Throughout the overlooked depths of Lake Michigan and other Great Lakes, a small but important animal is rapidly disappearing.
Until recently, the animal - a shrimplike, energy-dense creature called Diporeia - was a major food source for commercially important species like lake whitefish and many prey fish upon which salmon, trout and walleye rely.
Scientists are employing new research methods in a quest to explain their population freefall, which threatens to negatively affect the Lakes' ecosystems and $4 billion sport fishing industry, said Purdue University researcher Marisol Sepúlveda.
"We want to narrow down likely causes for this decline," said Sepúlveda, an assistant professor of forestry and natural resources. "It may help us halt the animal's further disappearance."
Sepúlveda has begun to identify substances involved in Diporeia metabolism, the set of chemical reactions that maintain life and allow organisms to respond to stress. Differences in levels of these metabolites between individuals and populations in various regions of the lakes may point toward the stressor or stressors responsible for their decline, she said.
In the same biological class as krill and shrimp, these rice grain-sized crustaceans dwell on lake bottoms and feed on descending algal plankton. Their bodies contain 30 percent to 40 percent lipids like fats and oils, making them a vital energy and nutrient source for the entire food web.
They are already gone from many large areas of lakes Michigan, Huron, Erie and Ontario, said collaborating researcher Tom Nalepa. In Lake Michigan, there are almost no Diporeia found at depths shallower than 90 meters. Just 15 years ago, their density often exceeded 10,000 animals per square meter at such depths, said Nalepa, a research biologist with the Great Lakes Environmental Research Laboratory.
The spread of invasive zebra and quagga mussels - voracious filter feeders with an overlapping diet - largely coincides with Diporeia's decline and is widely believed to be at least partially responsible. But research cannot yet explain the link, Nalepa said.
"We don't know why Diporeia are responding so negatively to the mussels," he said.
Sepúlveda is looking into another possible contributor to Diporeia's decline: water pollutants like pesticides, polychlorinated biphenyls (PCBs), flame retardants or others.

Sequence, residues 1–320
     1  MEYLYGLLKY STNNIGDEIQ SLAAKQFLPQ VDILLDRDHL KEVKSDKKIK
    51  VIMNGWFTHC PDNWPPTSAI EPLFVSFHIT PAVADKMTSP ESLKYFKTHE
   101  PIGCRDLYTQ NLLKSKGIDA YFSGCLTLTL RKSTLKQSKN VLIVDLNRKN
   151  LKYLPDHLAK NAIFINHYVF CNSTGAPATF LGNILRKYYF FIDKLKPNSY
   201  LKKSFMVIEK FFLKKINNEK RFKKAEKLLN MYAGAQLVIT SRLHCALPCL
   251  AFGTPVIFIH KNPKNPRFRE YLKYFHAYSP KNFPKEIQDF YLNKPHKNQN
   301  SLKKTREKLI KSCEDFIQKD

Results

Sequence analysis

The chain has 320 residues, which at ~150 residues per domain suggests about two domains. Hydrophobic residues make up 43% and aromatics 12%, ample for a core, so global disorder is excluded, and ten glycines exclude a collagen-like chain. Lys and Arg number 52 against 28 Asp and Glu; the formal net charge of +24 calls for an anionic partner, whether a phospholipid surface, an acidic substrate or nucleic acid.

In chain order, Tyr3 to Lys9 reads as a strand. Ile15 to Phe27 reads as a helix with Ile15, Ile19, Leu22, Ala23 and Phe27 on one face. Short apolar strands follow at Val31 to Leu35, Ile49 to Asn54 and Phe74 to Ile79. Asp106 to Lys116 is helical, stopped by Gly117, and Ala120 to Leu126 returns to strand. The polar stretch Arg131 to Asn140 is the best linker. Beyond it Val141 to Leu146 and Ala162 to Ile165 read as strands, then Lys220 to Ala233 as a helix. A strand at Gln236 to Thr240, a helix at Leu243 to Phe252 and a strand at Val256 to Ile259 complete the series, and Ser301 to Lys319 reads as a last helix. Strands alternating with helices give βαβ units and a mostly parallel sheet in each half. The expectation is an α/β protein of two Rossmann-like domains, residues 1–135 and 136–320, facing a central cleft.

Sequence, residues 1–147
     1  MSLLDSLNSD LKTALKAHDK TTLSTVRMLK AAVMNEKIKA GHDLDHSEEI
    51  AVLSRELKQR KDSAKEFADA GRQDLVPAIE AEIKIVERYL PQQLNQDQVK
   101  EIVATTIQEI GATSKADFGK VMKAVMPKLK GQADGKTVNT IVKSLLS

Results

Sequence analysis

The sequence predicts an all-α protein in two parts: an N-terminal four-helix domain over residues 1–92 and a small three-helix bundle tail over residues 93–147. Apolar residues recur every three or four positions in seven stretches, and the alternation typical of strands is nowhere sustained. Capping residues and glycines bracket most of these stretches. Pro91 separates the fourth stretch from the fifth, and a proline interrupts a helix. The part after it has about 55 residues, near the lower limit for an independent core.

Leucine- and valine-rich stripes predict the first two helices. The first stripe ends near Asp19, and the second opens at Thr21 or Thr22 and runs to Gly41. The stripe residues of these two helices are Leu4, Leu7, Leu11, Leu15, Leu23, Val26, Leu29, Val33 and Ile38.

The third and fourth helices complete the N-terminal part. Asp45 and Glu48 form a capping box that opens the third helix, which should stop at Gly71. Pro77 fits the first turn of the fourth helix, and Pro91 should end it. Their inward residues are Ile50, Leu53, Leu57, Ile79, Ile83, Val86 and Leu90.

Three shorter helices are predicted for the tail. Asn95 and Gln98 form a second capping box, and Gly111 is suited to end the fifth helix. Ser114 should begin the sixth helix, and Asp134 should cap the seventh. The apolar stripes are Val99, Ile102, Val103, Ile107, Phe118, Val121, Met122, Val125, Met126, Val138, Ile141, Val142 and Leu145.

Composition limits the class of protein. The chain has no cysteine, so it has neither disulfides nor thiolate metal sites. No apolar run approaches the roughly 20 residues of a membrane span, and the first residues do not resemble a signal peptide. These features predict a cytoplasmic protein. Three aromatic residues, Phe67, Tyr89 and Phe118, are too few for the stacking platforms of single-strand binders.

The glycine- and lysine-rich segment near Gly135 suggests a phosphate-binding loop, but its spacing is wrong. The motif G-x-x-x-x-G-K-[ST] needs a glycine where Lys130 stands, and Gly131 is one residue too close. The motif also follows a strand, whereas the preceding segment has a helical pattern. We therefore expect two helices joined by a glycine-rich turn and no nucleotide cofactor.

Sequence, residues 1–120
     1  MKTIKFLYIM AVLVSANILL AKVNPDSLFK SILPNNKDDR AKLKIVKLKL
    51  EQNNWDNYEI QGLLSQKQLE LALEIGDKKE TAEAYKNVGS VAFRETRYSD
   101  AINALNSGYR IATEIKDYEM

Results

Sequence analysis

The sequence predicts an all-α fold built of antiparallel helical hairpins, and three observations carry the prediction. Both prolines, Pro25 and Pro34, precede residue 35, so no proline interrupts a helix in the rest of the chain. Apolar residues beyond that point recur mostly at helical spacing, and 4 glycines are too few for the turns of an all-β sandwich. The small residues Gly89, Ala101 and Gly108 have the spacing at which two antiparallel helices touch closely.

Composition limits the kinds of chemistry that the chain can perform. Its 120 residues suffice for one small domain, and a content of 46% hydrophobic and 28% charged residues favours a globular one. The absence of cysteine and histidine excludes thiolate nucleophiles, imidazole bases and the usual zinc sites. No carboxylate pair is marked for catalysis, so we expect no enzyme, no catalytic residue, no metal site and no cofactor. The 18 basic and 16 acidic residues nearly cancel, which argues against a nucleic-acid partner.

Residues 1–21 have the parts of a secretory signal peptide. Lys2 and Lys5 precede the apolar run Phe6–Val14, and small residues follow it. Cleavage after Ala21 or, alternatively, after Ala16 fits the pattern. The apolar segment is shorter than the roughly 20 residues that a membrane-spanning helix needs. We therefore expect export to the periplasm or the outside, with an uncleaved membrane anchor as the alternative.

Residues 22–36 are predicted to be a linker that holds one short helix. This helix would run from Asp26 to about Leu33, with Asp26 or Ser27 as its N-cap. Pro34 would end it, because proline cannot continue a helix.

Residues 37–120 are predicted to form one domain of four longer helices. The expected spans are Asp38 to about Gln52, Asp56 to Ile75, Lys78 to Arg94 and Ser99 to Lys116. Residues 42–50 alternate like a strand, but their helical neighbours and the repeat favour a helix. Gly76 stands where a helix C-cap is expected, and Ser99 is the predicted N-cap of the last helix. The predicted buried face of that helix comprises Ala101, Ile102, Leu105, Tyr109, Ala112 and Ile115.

Detailed in a study to be published in print and online next month in the journal Aquatic Toxicology, Sepúlveda measured Diporeia's response to a common pollutant and also began to identify differences between declining populations in Lake Michigan and those native to Lake Superior, the only Great Lake where populations remain stable. The latter comparison found the groups shared only 5 percent of their total metabolites, suggesting that animals from the two lakes are biologically quite different, Sepúlveda said.
"The answer to Diporeia decline may be found in these variations," she said.
Sepúlveda and University of Michigan researcher Tomas Hook were awarded a four-year, $560,000 grant by the Great Lakes Fishery Trust in January of this year to further investigate possible causes for Diporeia's decline. Both researchers are co-principal investigators of the project.
"We are casting a wide net to basically address a number of hypotheses at the same time," said Hook, a fisheries ecologist hired by Purdue who will begin work there this July.
In Sepúlveda's study, she and her team contrasted levels of metabolites between a group of control animals and that of an atrazine-exposed population of laboratory-reared Diporeia. They found that animals subjected to atrazine, a commonly used pesticide present in minute levels in Lake Michigan, significantly increased or decreased bodily production of five identifiable chemicals. These included an insect pheromone, a fatty acid, an amino acid and a hydrocarbon, she said.